IDEAS home Printed from
   My bibliography  Save this paper

Does participation improve project performance : establishing causality with subjective data


  • Isham, Jonathan*Narayan, Deepa*Pritchett, Lant


Development practitioners are coming to a consensus that participation by the intended beneficiaries improves project performance. But is there convincing evidence that this is true? Skeptics have three objections: 1)"Participation is not objective -- project rankings are subjective; 2) this subjectivity leads to"halo effects"; 3) better project performance may have increased beneficiary participation rather than the other way around -- a statistical association is not proof of cause and effect. The authors show methodologically how to answer each of these objections. Subjectivity does not preclude reliable cardinal measurement. Halo effects do not appear to induce a strong upward bias in estimating the effect of participation. Finally, instrumental variables estimation can help establish a structural cause and effect relationship between participation and project performance -- at least in the rural water supply projects they studied.

Suggested Citation

  • Isham, Jonathan*Narayan, Deepa*Pritchett, Lant, 1994. "Does participation improve project performance : establishing causality with subjective data," Policy Research Working Paper Series 1357, The World Bank.
  • Handle: RePEc:wbk:wbrwps:1357

    Download full text from publisher

    File URL:
    Download Restriction: no

    References listed on IDEAS

    1. Hamermesh, Daniel S & Biddle, Jeff E, 1994. "Beauty and the Labor Market," American Economic Review, American Economic Association, vol. 84(5), pages 1174-1194, December.
    Full references (including those not matched with items on IDEAS)


    Citations are extracted by the CitEc Project, subscribe to its RSS feed for this item.

    Cited by:

    1. Barbara Pozzoni & Nalini Kumar, 2005. "A Review of the Literature on Participatory Approaches to Local Development for an Evaluation of the Effectiveness of World Bank Support for Community-Based and Driven Development Approaches," World Bank Publications, The World Bank, number 20203, June.
    2. Bergeron, Gilles & Morris, Saul Sutkover & Banegas, Juan Manuel Medina, 1998. "How reliable are group informant ratings?," FCND discussion papers 43, International Food Policy Research Institute (IFPRI).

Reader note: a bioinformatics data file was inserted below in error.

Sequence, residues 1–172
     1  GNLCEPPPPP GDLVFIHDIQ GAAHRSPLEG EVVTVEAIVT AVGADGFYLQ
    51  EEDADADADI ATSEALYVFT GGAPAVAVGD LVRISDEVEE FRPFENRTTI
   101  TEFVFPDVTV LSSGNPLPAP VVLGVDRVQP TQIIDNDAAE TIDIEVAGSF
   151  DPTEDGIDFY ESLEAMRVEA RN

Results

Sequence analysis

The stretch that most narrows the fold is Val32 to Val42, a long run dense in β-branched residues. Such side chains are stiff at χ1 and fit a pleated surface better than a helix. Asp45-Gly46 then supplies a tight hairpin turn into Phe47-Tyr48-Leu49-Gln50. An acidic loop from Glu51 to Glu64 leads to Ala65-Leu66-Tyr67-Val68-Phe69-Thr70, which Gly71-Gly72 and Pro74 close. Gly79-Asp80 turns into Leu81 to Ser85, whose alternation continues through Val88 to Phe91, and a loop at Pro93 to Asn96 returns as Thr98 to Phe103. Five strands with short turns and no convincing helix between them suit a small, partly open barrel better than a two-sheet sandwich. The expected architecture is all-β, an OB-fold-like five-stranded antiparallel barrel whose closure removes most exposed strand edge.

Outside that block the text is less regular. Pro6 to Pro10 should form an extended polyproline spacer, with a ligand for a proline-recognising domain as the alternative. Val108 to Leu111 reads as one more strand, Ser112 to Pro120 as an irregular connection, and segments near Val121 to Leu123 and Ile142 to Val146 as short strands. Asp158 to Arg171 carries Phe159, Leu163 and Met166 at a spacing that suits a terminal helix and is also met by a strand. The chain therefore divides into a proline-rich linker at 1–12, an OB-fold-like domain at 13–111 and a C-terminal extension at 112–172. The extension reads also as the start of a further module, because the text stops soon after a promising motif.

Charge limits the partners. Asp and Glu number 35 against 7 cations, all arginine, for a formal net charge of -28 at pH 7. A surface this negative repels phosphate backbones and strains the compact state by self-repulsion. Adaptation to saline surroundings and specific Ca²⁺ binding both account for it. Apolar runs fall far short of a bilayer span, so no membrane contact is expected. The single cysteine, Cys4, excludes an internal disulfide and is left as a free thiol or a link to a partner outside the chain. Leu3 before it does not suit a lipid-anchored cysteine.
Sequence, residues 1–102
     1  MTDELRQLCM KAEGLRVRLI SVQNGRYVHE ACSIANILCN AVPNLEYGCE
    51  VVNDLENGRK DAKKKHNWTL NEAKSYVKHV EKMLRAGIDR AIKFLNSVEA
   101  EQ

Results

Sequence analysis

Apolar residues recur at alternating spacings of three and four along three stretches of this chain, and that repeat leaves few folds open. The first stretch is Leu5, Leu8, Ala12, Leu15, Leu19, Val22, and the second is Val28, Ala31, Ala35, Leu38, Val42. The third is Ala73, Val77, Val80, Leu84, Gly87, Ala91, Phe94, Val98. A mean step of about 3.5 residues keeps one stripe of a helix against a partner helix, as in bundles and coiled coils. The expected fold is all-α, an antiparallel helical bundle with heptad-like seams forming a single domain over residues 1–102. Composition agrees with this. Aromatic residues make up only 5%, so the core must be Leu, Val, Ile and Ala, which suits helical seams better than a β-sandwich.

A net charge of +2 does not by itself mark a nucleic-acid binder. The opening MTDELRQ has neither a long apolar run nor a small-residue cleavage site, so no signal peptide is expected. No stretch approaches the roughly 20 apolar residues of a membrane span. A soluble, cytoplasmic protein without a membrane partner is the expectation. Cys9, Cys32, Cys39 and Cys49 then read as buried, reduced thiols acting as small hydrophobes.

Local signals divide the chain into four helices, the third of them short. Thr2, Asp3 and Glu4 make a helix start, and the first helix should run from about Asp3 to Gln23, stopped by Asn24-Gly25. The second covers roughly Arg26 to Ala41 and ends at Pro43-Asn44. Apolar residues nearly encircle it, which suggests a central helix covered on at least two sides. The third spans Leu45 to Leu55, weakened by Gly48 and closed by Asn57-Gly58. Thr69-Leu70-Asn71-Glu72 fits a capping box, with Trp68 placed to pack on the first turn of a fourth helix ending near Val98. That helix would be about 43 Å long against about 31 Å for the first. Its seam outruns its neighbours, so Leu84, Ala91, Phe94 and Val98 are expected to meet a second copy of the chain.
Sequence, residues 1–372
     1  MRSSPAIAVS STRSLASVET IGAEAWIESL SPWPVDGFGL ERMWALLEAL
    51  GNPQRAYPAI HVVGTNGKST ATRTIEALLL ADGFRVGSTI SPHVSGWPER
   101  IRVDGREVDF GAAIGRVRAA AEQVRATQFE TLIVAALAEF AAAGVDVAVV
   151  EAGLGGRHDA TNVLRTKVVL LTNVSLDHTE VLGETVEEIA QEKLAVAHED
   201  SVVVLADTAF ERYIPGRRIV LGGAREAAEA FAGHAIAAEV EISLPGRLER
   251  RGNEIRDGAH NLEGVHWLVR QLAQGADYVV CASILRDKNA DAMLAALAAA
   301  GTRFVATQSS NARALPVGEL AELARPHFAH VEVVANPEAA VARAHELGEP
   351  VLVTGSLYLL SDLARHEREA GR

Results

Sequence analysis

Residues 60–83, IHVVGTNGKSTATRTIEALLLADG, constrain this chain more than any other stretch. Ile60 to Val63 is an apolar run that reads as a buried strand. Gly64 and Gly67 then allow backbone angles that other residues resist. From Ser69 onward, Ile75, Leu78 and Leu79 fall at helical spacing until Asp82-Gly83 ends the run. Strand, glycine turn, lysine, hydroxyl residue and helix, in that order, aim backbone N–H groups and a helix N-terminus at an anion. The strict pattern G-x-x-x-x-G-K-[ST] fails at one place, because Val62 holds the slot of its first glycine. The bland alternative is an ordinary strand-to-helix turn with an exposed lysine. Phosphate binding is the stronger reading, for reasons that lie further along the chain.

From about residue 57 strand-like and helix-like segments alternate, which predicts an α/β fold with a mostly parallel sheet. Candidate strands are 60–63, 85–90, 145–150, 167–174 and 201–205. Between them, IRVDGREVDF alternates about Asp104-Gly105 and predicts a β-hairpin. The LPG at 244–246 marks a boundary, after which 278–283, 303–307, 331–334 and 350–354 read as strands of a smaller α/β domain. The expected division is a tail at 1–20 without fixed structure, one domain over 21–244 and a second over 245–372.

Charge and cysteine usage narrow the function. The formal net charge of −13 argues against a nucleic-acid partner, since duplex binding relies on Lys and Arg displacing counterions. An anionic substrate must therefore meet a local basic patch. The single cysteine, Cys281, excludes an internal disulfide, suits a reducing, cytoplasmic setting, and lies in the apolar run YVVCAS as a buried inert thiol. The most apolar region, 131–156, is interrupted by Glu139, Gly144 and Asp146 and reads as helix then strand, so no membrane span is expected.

3. Liu, Chengfang & Zhang, Linxiu & Huang, Jikun & Luo, Renfu & Rozelle, Scott, 2009. "Can Good Projects Succeed in Bad Villages? Project Design, Village Governance and Infrastructure Quality in Rural China," 2009 Conference, August 16-22, 2009, Beijing, China 49944, International Association of Agricultural Economists.


    All material on this site has been provided by the respective publishers and authors. You can help correct errors and omissions. When requesting a correction, please mention this item's handle: RePEc:wbk:wbrwps:1357. See general information about how to correct material in RePEc.

    For technical questions regarding this item, or to correct its authors, title, abstract, bibliographic or download information, contact: (Roula I. Yazigi). General contact details of provider: .

    If you have authored this item and are not yet registered with RePEc, we encourage you to do it here. This allows to link your profile to this item. It also allows you to accept potential citations to this item that we are uncertain about.

    If CitEc recognized a reference but did not link an item in RePEc to it, you can help with this form .

    If you know of missing items citing this one, you can help us creating those links by adding the relevant references in the same way as above, for each refering item. If you are a registered author of this item, you may also want to check the "citations" tab in your RePEc Author Service profile, as there may be some citations waiting for confirmation.

    Please note that corrections may take a couple of weeks to filter through the various RePEc services.

    IDEAS is a RePEc service hosted by the Research Division of the Federal Reserve Bank of St. Louis . RePEc uses bibliographic data supplied by the respective publishers.